Nearly a year after it was shot, a juvenile bald eagle that has been recuperating at the Northwest Raptor & Wildlife Center is flying again. It likely is to be released into the wild in the spring.
“We are tentatively hoping to be able to release the eagle sometime next year once the weather improves,” said Matthew Randazzo, spokesman for the wildlife rescue and rehabilitation charity run by Jaye Moore in Sequim.
The male eagle was found wounded by shotgun fire near Beaver, nine miles outside Forks, on Dec. 15 2010. It was only a few months old.
The shotgun blast broke the bird’s ulna bone in its left wing and sent bits of shrapnel through the surrounding soft tissue. Moore and other volunteers were uncertain it would ever fly again.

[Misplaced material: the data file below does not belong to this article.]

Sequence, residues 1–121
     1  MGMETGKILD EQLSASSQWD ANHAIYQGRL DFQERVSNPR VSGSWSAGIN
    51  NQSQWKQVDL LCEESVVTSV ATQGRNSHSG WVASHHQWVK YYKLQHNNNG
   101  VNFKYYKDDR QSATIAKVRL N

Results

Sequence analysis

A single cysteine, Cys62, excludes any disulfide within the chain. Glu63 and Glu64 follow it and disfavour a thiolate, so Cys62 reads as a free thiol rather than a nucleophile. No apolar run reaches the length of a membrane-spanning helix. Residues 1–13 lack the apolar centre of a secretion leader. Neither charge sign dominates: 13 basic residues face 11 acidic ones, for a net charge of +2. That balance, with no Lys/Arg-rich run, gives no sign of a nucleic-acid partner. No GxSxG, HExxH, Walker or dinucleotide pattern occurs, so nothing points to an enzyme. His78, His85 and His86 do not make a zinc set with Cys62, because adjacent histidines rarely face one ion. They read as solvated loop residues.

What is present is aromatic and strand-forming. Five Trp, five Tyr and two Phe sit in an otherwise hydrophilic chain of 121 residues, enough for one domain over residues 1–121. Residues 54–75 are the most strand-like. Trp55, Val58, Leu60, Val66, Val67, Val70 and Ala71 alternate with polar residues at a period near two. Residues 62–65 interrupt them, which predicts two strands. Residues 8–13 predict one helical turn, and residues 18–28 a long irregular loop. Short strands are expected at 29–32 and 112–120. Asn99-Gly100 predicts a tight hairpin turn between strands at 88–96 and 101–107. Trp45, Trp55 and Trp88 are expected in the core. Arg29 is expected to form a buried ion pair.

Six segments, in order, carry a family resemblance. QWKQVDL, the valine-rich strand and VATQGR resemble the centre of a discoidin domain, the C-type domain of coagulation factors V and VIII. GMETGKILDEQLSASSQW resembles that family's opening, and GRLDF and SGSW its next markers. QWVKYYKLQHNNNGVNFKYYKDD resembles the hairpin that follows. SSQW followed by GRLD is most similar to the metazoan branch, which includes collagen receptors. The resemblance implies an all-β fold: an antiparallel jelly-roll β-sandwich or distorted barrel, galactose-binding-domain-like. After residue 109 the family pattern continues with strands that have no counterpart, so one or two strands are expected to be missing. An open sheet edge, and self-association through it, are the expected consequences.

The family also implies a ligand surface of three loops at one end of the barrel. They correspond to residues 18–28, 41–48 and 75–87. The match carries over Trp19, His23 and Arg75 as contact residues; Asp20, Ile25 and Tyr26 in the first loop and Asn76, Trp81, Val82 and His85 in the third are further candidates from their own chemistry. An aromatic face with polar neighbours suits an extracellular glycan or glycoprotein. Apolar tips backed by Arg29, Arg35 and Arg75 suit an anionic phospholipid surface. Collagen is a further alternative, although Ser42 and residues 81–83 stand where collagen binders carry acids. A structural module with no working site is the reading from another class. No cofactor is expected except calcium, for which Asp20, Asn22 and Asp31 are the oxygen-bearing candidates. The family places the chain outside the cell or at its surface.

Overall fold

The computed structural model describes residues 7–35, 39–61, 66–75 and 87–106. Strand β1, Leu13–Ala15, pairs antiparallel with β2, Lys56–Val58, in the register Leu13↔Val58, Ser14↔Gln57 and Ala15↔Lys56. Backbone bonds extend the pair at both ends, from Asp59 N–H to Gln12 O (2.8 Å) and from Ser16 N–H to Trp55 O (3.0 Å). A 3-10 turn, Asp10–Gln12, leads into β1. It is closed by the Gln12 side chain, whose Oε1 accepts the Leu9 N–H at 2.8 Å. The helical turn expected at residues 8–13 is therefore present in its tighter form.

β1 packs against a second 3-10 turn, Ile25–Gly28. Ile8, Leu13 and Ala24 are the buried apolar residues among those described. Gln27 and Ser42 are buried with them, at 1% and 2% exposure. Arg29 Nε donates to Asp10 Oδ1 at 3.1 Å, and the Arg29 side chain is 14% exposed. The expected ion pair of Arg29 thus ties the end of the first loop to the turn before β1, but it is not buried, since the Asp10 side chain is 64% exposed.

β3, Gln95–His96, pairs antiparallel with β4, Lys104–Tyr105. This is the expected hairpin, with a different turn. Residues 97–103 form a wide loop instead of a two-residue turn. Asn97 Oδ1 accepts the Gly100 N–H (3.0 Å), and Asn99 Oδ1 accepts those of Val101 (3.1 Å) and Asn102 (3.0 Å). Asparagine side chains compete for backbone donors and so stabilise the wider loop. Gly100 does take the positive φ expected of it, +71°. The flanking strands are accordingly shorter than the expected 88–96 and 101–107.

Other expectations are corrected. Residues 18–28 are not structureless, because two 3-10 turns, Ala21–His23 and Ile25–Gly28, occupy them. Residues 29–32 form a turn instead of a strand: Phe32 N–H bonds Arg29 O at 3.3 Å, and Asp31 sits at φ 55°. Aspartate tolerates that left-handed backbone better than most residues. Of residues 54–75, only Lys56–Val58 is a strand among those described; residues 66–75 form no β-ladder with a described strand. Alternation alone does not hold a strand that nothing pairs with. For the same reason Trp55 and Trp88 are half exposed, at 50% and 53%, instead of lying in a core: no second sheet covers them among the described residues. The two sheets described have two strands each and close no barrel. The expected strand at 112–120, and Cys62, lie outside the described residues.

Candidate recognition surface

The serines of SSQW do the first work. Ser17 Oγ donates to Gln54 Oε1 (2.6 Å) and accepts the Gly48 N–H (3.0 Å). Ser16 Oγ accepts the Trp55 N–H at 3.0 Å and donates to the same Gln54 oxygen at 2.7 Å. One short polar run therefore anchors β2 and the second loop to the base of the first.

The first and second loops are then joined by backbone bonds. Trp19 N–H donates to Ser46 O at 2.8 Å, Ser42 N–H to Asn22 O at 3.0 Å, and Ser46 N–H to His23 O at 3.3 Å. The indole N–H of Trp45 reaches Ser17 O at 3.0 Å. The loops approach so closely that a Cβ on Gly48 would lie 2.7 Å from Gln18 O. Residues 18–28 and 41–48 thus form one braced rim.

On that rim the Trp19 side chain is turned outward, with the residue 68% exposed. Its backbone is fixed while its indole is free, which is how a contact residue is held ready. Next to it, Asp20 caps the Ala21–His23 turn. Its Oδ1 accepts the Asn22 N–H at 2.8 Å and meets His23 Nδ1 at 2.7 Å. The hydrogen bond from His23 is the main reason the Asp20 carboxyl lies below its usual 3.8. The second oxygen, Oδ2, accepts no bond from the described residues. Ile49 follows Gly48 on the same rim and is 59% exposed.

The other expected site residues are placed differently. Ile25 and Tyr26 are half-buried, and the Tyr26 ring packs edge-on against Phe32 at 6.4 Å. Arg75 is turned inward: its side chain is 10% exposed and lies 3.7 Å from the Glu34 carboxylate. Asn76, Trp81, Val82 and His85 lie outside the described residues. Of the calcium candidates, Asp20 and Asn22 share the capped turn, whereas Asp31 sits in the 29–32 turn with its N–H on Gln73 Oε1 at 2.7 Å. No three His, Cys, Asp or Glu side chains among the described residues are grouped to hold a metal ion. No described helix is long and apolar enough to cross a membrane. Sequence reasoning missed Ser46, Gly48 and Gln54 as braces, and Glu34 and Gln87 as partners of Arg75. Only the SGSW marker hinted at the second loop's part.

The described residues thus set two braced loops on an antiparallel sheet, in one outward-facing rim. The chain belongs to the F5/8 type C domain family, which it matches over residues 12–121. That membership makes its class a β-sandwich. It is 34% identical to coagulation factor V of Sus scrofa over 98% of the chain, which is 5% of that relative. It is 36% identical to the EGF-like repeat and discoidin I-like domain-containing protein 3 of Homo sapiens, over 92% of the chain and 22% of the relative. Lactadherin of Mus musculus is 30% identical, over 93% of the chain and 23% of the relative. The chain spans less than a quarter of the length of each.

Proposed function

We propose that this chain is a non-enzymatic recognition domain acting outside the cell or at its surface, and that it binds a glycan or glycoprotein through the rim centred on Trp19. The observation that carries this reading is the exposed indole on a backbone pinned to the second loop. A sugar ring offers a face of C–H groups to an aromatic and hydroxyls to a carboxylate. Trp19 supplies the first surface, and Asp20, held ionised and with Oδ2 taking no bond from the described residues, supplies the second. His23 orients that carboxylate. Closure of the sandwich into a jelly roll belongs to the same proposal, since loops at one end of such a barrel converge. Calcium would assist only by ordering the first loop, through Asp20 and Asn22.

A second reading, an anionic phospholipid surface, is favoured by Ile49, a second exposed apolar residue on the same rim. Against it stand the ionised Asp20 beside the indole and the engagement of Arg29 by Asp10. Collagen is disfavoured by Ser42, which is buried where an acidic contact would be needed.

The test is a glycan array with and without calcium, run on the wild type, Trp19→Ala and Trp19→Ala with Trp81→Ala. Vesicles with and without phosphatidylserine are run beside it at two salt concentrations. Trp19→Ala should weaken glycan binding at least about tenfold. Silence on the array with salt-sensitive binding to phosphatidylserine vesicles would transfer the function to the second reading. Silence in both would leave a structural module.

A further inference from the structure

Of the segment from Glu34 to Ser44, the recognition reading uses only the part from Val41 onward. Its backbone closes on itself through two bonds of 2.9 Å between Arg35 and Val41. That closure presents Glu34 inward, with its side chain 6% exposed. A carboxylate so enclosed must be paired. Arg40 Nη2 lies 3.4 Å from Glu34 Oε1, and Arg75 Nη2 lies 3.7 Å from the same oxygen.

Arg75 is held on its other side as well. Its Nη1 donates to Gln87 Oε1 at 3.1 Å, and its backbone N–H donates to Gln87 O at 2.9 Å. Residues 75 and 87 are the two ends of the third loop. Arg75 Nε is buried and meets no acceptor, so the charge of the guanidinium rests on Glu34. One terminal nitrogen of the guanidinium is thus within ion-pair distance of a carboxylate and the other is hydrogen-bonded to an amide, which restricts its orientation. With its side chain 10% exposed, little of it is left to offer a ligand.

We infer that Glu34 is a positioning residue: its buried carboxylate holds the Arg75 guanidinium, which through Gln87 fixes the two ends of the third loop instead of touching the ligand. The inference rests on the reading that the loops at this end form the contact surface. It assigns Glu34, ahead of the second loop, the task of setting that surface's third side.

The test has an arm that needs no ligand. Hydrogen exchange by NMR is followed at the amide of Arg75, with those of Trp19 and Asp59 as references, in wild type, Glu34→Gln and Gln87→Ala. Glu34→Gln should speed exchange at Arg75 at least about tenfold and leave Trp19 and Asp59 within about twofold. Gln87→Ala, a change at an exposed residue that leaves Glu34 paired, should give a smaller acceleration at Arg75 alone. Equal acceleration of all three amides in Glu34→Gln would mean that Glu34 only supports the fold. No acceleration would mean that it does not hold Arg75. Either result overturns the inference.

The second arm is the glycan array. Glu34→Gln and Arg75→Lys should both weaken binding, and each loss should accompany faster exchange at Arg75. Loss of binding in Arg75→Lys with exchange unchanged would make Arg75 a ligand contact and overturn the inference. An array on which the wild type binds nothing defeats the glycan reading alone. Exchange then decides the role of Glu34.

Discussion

The eagle underwent multiple surgeries to set the bone and remove bone fragments from the fracture site at Greywolf Veterinary Hospital.
It died and was resuscitated on several occasions, Randazzo said.
The eagle’s plight was featured in newspaper and television stories across the world.
The person who illegally shot the national symbol has never been found.